In a previous post, I mentioned that my 23-year-old grandson asked for my sales advice. He’s never been in sales, until now. He recently accepted a sales position. One of the mistakes I see often with salespeople is when they’ve earned the right to ask for the order but hesitate or don’t ask for the sale. So, how does a salesperson earn the right to ask for the order?
- Have you listened to your customer and determined their needs?
- Can you fulfill their needs?
- Can you solve a problem?
- Have you educated your customer about what fits their needs best
- Did you focus on your customer’s best interests?
- Are you building long-term relationships with your customers?
If your answer is yes – you’ve earned the right to ask for the order.
Are You a Salesperson or a Consultant?
Furthermore, if you’ve been a good consultant, it’s only fair to your customer to ask for their business. If you don’t ask, could someone less qualified, invested, or concerned get their business? It happens every day. Have you ever had a customer, you considered a friend, place an order with someone else without consulting you?
So, why haven’t you asked for the order? Most decision makers will say no several times before they say yes … to somebody, yet most consultants only ask once or twice, and some never ask for the order. Here’s why:
- You don’t want to be pushy so, you wait for them to contact you.
- The customer is a friend, and they’ll let you know what they need.
- You don’t like it when you’re asked to make a buying decision and everyone must think like you.
- You are afraid of rejection. Guess what, nearly everyone dislikes this so, get over it
- You don’t know how to ask. Let’s talk about how to ask.
How to Ask
You can only ask when you have earned the right to ask.
Here are a few simple ways to ask.
- How’s that sound?
- If I could do _______may I earn your business?
- I build relationships with customers; may we start our relationship with this order?
- Let me prove to you who we are! Let’s start small with _______.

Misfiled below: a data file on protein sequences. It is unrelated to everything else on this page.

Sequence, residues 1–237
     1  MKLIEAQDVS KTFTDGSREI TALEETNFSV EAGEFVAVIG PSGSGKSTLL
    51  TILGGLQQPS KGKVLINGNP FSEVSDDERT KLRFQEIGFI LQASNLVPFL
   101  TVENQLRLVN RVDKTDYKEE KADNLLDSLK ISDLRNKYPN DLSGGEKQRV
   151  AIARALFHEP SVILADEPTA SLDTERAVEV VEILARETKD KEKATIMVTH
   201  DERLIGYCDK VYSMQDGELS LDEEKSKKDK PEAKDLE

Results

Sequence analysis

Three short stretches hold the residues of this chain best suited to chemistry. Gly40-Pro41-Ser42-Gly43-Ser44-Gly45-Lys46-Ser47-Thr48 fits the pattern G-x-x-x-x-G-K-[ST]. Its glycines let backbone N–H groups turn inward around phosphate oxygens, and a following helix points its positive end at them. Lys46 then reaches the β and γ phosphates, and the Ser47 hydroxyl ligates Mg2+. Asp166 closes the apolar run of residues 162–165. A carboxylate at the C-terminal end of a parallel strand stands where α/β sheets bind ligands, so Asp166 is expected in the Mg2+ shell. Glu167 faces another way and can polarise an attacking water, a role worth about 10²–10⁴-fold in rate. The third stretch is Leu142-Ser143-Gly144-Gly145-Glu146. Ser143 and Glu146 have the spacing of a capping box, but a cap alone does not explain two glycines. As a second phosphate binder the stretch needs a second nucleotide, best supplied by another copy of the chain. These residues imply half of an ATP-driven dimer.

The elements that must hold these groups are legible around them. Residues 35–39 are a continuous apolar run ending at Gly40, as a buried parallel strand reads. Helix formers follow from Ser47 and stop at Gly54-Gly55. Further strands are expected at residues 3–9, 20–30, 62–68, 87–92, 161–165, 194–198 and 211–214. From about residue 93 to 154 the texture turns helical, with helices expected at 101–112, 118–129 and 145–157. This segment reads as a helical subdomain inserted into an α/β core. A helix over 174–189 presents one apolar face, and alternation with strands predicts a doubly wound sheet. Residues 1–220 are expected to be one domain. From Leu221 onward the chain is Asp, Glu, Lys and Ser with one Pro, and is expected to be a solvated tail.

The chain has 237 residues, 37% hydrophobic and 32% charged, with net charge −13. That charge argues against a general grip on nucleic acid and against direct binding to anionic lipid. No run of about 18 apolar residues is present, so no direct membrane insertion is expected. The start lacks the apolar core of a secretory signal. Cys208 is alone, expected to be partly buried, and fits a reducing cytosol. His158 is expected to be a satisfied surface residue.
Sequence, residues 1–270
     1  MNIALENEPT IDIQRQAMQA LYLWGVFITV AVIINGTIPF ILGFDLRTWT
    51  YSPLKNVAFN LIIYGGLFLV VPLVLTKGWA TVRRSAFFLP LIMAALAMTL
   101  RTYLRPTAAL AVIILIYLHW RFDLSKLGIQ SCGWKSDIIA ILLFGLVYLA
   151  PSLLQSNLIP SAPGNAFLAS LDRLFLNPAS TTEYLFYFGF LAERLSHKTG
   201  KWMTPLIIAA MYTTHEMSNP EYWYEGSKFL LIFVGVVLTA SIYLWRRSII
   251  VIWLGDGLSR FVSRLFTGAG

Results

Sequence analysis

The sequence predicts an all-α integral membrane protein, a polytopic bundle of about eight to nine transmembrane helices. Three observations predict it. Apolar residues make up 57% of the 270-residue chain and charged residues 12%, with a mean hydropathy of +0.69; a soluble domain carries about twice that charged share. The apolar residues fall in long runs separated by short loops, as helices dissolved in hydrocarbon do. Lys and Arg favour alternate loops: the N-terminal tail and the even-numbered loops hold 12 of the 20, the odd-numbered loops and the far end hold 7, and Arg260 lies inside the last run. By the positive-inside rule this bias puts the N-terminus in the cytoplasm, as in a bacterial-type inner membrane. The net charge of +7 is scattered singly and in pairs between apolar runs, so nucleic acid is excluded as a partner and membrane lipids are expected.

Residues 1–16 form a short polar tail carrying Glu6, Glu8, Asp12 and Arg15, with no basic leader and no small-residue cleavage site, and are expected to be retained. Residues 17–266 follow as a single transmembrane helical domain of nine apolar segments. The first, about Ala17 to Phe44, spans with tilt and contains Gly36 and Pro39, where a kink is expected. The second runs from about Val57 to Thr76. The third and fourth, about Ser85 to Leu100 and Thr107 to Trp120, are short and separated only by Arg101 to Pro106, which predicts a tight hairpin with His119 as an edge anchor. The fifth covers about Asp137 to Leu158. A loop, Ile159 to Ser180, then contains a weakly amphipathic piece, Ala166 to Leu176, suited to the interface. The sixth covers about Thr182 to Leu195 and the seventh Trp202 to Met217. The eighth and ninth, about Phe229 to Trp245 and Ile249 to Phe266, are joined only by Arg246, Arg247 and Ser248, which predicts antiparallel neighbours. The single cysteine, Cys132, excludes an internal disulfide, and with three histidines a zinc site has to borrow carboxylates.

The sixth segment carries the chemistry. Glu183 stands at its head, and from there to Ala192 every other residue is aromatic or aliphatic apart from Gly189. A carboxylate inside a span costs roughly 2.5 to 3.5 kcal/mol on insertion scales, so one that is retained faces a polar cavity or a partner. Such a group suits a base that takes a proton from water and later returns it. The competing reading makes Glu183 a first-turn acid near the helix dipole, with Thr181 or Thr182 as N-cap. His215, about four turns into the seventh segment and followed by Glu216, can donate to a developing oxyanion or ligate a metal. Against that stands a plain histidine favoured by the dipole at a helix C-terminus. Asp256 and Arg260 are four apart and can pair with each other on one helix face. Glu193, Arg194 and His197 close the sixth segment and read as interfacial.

How to Look and Sound Confident (even if you are afraid!)
Sit or stand straight, don’t slouch. Face the customer, smile, and maintain eye-contact.
When the customer is talking, clasp your hands, look them in the eye and listen. DO NOT interrupt.
Present a neat, clean, professional, appearance geared to the client.
Involve Multiple Senses
Keep in mind more people retain what they see rather than what they hear. Set up a presentation on your laptop or mobile. Post a video on YouTube. Use brochures, company books, samples, testimonials, photos, etc.
Use lowered inflection. Think sheet music – descending scale. Start with a higher note and go down. It’s what we all do when we’re confident. When we’re afraid or unsure we use rising inflection, which starts low and rises to become a question. Lowered inflection shows confidence while rising inflections shows fear, which creates distrust. What do you think would happen if you asked someone to dance using rising inflection? “Would you dance with me?” (Please. please, please.) How about a rising inflection filled pleading tone asking your child to, “Go clean your room now?” How do you think that would go over?
Confidence Inspires Trust
We’re all looking for people we can trust to solve our problems. So, be someone clients can trust. However, as confident as any salesperson may present themselves, without substance the trust will soon fade.
What Makes Anyone Trustworthy?
- Time in business
- Experienced tenured employees
- Positive reviews and testimonials
- Keeping promises, not over-promising, and then under delivering
- Timely and informative communication
When You’ve Earned the Right, Ask for The Order
I have always found believing in my product and caring for my customer is a constant source of confidence. Earn the right. Help your customer. Ask for the order.
Once you’ve asked for the order, sit back, relax, smile, and listen. Don’t speak. Pay attention, wait for your customer’s thoughts.
The bottom line is a great consultant helps people. They keep promises, solve problems, deliver the goods, and they ask for the order.
Photo Credit: Unsplash Photos Photo by Andrew Neel